The wars in 1962 (against China) and 1971 (against Pakistan) broke out after general elections. Elections were still two years away when India and Pakistan fought a war in 1965. The 2001 attack on the Indian parliament that brought the two countries to the brink of war happened two years after a general election. The Mumbai attacks in 2008 took place five months before the elections in 2009 – and the then ruling Congress party won without making national security a campaign plank.

Things may be different this time. Professor Varshney says the suicide attack in Kashmir on 14 February and last week’s hostilities are “more electorally significant than the earlier security episodes”.

For one, he says, it comes just weeks ahead of a general election in a highly polarised country. The vast expansion of the urban middle class means that national security has a larger constituency. And most importantly, according to Dr Varshney, “the nature of the regime in Delhi” is an important variable. “Hindu nationalists have always been tougher on national security than the Congress. And with rare exceptions, national security does not dominate the horizons of regional parties, governed as they are by caste and regional identities.”

Presentational grey line

Read more from Soutik Biswas

Presentational grey line

Bhanu Joshi, a political scientist also at Brown University, believes Mr Modi’s adoption of a muscular and robust foreign policy and his frequent international trips to meet foreign leaders may have touched a chord with a section of voters. “During my work in northern India, people would continuously invoke the improvement in India’s stature in the international arena. These perceptions get reinforced with an event like [the] Balakot strikes and form impressions which I think voters, particularly on a bipolar contest of India and Pakistan, care about,” says Mr Joshi.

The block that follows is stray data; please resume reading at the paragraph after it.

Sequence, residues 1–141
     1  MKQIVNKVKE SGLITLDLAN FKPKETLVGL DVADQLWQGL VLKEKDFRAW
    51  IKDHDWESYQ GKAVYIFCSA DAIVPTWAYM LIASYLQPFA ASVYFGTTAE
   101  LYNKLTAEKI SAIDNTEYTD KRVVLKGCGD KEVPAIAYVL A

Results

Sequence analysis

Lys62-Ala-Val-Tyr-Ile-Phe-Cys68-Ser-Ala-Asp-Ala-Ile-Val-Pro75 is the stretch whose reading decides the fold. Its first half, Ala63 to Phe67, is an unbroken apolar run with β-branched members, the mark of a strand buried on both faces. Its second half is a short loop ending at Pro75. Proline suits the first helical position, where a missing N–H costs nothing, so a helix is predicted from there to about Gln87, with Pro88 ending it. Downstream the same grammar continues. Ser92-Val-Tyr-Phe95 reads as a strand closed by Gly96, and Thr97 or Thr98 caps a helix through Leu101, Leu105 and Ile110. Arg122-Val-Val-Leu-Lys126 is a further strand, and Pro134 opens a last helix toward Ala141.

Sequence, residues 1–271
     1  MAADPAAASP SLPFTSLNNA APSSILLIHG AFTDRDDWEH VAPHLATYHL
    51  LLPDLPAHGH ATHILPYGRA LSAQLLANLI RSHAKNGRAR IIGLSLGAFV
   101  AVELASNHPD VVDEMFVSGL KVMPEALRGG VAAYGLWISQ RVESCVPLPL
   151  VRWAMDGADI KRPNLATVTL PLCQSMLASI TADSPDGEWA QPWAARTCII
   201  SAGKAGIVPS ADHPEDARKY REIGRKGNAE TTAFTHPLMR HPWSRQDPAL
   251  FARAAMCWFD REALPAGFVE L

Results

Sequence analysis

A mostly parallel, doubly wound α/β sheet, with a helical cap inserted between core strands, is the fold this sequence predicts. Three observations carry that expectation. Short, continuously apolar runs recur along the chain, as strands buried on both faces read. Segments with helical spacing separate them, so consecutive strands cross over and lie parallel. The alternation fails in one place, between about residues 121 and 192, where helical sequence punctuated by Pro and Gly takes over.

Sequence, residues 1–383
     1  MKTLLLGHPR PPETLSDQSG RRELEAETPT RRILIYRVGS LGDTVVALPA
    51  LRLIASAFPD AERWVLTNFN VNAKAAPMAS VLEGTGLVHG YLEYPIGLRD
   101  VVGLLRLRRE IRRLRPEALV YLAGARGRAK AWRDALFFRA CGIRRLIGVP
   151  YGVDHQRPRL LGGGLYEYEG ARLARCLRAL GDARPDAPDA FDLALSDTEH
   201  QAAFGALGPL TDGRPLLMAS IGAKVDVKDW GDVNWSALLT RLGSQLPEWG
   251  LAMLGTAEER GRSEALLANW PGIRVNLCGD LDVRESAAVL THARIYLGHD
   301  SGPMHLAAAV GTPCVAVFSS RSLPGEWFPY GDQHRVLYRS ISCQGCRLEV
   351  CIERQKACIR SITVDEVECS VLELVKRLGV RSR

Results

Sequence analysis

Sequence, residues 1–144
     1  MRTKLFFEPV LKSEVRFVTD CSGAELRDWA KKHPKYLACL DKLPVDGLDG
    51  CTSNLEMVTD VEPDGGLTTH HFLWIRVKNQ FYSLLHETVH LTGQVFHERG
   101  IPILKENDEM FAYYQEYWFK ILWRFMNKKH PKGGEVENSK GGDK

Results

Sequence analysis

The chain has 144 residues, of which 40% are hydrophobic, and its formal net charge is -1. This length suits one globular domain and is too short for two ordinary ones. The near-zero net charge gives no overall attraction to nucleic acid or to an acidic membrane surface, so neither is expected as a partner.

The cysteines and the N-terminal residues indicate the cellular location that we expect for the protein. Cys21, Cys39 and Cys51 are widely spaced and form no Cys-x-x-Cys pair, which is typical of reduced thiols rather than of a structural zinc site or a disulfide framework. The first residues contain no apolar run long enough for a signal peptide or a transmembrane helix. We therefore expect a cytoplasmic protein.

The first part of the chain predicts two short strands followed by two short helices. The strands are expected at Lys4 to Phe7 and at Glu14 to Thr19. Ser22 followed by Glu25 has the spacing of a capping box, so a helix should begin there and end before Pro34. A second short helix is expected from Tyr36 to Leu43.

Others like Milan Vaishnav, senior fellow and director of the South Asia Program at the Carnegie Endowment for International Peace, echo a similar sentiment. He told me that although foreign policy has never been a “mass” issue in India’s domestic politics, “given the proximity of the conflict to the elections, the salience of Pakistan, and the ability of the Modi government to claim credit for striking back hard, I expect it will become an important part of the campaign”.

But Dr Vaishnav believes it will not displace the economy and farm distress as an issue, especially in village communities. “Where it will help the BJP most is among swing voters, especially in urban constituencies. If there were fence-sitters unsure of how to vote in 2019, this emotive issue might compel them to stick with the incumbent.”

How the opposition counters Mr Modi’s agenda-setting on national security will be interesting to watch. Even if the hostilities end up giving a slight bump to BJP prospects in the crucial bellwether states in the north, it could help take the party over the winning line. But then even a week is a long time in politics.

Source: The BBC